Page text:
Thursday, August 18, 2022

BIS Sends Bio-Toxins NPRM to OMB

Yesterday, the OMB’s Office of Information and Regulatory Affairs (OIRA) announced that it had receive a notice of proposed rulemaking from the DOC’s Bureau of Industry and Security (BIS) for “Implementation of Australia Group Decisions (November 2021 and March 2022 Virtual Implementation Meetings; July 2022 Plenary): Controls on Marine Toxins, Plant Pathogens and Biological Equipment”.

According to the abstract in the Spring 2022 Unified Agenda:

“The Bureau of Industry and Security (BIS) has identified four naturally occurring, dual-use, biological toxins for evaluation as a potential emerging technology, consistent with the interagency process described in Section 1758 of the Export Control Reform Act of 2018 (ECRA) (50 U.S.C. 4801-4852), as codified under 50 U.S.C. 4817.  These toxins have the potential (through either accidental or deliberate release) to cause casualties in humans or animals, degrade equipment, or damage crops or the environment.  Furthermore, they are now capable of being more easily isolated and purified due to novel synthesis methods and equipment.  Consequently, the absence of export controls on these toxins could be exploited for biological weapons purposes.  To address this concern, BIS proposes to amend the Commerce Control List (CCL) by adding these toxins to Export Control Classification Number (ECCN) 1C351.  This rule requests public comments to ensure that the scope of these proposed controls will be effective and appropriate (with respect to their potential impact on legitimate commercial or scientific applications).”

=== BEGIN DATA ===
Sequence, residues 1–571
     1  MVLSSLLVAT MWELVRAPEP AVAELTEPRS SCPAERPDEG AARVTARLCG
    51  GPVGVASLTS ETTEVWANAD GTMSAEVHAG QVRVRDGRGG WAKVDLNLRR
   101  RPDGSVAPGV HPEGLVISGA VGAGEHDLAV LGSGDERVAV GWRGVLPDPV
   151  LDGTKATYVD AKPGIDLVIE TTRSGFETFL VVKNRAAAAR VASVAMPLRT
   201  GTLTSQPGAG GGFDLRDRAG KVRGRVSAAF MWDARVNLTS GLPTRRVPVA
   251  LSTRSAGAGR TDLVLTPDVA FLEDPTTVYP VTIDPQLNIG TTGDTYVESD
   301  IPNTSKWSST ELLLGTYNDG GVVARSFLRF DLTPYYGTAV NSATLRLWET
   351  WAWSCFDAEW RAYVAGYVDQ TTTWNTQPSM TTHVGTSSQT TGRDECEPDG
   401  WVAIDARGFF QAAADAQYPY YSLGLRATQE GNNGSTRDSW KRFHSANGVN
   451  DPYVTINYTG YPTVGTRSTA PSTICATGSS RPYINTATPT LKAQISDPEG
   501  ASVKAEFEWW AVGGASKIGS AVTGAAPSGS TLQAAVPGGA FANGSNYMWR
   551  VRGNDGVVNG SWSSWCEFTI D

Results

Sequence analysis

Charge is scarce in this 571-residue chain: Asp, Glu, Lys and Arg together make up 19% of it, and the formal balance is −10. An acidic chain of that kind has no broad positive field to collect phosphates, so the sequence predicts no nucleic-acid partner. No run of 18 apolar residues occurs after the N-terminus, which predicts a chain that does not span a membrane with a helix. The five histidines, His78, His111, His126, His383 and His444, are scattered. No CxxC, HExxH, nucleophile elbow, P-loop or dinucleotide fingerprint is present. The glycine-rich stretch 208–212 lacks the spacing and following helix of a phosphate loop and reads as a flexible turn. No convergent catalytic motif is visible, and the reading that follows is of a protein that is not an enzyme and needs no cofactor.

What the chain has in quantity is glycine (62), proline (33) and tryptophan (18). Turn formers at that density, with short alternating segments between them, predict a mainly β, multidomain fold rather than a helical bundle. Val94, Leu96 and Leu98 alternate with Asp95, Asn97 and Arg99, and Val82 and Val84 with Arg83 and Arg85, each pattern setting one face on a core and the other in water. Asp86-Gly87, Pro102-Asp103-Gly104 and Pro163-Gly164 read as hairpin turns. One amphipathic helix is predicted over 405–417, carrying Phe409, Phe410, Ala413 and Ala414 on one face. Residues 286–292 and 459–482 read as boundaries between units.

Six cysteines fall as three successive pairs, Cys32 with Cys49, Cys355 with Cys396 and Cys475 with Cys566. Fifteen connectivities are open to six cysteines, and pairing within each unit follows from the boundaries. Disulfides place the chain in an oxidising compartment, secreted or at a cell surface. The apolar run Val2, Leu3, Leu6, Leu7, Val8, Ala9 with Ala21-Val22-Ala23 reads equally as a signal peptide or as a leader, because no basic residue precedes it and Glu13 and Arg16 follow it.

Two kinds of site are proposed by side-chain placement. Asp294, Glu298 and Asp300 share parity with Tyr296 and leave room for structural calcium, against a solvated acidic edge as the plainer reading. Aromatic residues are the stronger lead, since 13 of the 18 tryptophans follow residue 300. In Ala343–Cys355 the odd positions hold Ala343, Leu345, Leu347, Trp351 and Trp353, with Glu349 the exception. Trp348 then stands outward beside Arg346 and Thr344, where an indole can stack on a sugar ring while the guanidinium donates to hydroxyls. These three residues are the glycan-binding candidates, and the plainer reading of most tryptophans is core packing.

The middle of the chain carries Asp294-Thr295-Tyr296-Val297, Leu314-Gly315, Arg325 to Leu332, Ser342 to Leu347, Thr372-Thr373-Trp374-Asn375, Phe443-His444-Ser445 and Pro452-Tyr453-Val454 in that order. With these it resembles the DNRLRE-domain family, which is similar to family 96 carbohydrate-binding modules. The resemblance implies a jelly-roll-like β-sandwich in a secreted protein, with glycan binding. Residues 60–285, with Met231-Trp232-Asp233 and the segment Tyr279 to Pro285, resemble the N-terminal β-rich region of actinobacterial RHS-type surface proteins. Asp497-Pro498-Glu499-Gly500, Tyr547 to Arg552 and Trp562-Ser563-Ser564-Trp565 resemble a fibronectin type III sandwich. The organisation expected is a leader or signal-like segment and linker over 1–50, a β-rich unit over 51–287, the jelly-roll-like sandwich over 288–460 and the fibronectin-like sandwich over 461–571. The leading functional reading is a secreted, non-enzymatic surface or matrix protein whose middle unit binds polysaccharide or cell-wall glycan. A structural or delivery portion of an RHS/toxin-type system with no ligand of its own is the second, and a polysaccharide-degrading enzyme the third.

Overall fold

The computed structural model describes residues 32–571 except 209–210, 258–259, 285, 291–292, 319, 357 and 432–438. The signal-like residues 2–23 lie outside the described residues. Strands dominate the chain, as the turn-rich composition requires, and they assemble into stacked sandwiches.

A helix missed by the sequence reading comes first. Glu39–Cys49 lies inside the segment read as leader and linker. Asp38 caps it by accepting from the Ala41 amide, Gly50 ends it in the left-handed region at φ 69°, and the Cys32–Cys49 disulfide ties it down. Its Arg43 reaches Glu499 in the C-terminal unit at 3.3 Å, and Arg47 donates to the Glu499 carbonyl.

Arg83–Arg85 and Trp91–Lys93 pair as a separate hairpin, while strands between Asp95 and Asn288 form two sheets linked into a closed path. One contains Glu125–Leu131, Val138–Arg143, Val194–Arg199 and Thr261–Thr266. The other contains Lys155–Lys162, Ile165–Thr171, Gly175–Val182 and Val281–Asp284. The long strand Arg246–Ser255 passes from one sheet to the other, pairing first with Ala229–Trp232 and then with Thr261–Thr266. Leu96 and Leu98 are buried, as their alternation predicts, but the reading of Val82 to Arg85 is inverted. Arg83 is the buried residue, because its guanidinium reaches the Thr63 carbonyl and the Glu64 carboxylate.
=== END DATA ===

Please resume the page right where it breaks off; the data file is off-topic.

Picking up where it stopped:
I am not planning on expanding the scope of this blog to cover bioweapons, but there are two interesting points here. First BIS talks about “more easily isolated and purified due to novel synthesis methods and equipment”. This talking about chemical manufacturing, at least where any output of meaningful scale is concerned. Finally, BIS is concerned about using these toxins to “cause casualties in humans or animals, degrade equipment, or damage crops or the environment”. Since these are not infectious agents, this would effectively be chemical warfare if done deliberately, making these toxins potential chemical agents.

So, would this make these chemicals chemical warfare agents and thus making the facilities that produce them subject to the Chemical Facility Anti-Terrorism (CFATS) standards? Technically, not unless they are added to the Appendix A list of DHS Chemicals of Interest (COI). And that is not likely unless the chemicals are added to the lists in the Chemical Warfare Treaty. Similarly, the CFATS program participation is also triggered by the holding of inventory of key chemical precursors to chemical weapons. Somewhere down the road, someone at CISA is going to need to decide if these are significant enough to trigger a revision to Appendix A. But, mark my word, if they do, this will have been the starting point for that initiative. 

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